17. Jenny Baker says:

    Krish, I think the motivation to keep people talking about the issue, and to find a way of working together and respecting each other in spite of our differences is really good. But my question about a ‘centre-ground coalition’ is what happens in that space and who gets to decide? It is one thing to be generous and respectful about the difference in our beliefs about men and women; it is another thing to be generous about our practice.

    My concern is that the ‘centre-ground’ for shared worship and mission will end up being complementarian by default, not a place that genuinely accepts the beliefs and practices of all sides of the conversation.

    I won’t clog up your comments with any more for now, but have expanded on these thoughts on my blog: http://blog.sophianetwork.org.uk/2011/11/thoughts-on-the-middle-ground.html

  18. Cathie Burke says:

    Hi Krish
    This is an interesting debate and one that I personally continue to have a bit of a struggle with! I would say that I was brought up in a church with Complementarian view but have grown more towards the Egalatarian model. Why? I think that although I am still personally a little uncomfortable with the idea of women preachers, we have to admit that the Evangelical Church in the 20th & 21st Centuries has been perfectly happy to commission, support and bless their gifted women in ministries throughout the world. Its almost the “where there is no man” approach – if there isn’t the primary choice, we’ll put up with the next best thing! This is surely not what we mean. I don’t think this does the church, or the gospel any favours. If women contribute to our Bible Studies (and probably write them!), teach our children and young people, lead our worship and prayers then we are already recognising their spiritual contribution and should treasure it.

  19. CLARIE says:

    Very interesting post. As a Christian woman who holds a complementarian theological position and many feminist views, I’m interested in how people describe themselves as ‘complementarian’ or ‘egalitarian’. Is one’s position on this particular issue of faith strong enough, important enough, to be something which defines oneself? If it is, then I don’t know that the debate is possible, because by attacking my position, you attack my definition of me. A feminist approach to the subject would be to recognised not only our different personal perspectives, but also the systems we find ourselves in.
    I have always been struck by how when ‘leadership’ or ‘eldership’ or whatever the debated position is, represents status or power, or is seen as the only or main way in which a person can serve God and their community in the full time capacity are called to, then the debate is fiercest and hardest and women and their churches lose more by being disallowed.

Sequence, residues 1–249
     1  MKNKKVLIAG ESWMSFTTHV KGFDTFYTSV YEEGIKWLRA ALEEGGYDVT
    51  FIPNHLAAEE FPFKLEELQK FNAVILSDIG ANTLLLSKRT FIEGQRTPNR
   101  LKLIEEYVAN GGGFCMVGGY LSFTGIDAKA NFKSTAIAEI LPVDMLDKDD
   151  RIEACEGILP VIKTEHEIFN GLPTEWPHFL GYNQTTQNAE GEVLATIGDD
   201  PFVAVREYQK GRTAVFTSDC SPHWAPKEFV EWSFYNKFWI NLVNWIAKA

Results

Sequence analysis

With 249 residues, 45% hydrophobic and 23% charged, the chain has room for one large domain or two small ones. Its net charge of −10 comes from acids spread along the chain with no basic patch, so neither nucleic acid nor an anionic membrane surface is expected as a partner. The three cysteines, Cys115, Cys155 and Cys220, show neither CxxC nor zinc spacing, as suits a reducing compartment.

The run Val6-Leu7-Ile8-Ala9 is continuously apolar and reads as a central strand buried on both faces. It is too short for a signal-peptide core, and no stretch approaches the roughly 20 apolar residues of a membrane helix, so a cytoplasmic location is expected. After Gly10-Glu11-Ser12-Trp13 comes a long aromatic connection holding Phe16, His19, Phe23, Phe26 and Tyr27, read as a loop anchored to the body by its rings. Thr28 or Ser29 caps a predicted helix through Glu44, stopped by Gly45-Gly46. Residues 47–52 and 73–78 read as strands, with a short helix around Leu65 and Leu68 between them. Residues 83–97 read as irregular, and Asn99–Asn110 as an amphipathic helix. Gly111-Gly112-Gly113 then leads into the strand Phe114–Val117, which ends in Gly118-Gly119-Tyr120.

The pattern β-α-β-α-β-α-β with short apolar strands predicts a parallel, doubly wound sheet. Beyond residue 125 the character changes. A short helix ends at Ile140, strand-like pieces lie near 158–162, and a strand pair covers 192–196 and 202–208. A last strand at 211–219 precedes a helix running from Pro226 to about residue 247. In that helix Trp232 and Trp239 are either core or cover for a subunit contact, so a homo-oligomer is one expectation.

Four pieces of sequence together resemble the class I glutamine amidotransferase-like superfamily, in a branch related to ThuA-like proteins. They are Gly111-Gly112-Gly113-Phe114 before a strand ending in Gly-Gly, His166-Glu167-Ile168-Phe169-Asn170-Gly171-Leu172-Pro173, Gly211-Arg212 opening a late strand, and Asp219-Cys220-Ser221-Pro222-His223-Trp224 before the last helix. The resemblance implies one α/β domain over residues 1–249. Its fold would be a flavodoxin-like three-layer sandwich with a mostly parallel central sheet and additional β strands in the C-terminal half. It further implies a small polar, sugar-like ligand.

Perhaps therefore the issue isn’t in our view of complementarian or egalitarian, but in the meaning we place upon some roles in church life compared to others?
    I believe if we take the view that to be an elder is somehow more than to put out chairs, or do the children’s work, or say something encouraging one day, then everyone who isn’t an elder loses out and the discrimination we show is wider than sexism, and carries devastating effects on to all people, not just women.

    1. Ali Griffiths says:

      I agree that no role is subordinate to another within the church community but that is not what the issue is about. Leaders in a church community have been called by God and the church to exercise their spiritual gifts in a particular way. If you have spiritual gifts of leadership and cannot exercise them within the church then, however many chairs you stack with a cheerful heart you know that this is not the primary role God has called you to. If you are in a church where women cannot exercise spiritual leadership and oversight then you have a problem and you usually have to leave or live in a church where you know you do not ‘fit’ so you no longer feel you truly belong. How you accommodate women in this position is an issue that I know some US complementarians are trying to address. Unfortunately such women are generally channelled into leading the women only type ministries thus perpetuating the gender divide in church and reinforcing stereotypes even more. It’s a difficult one.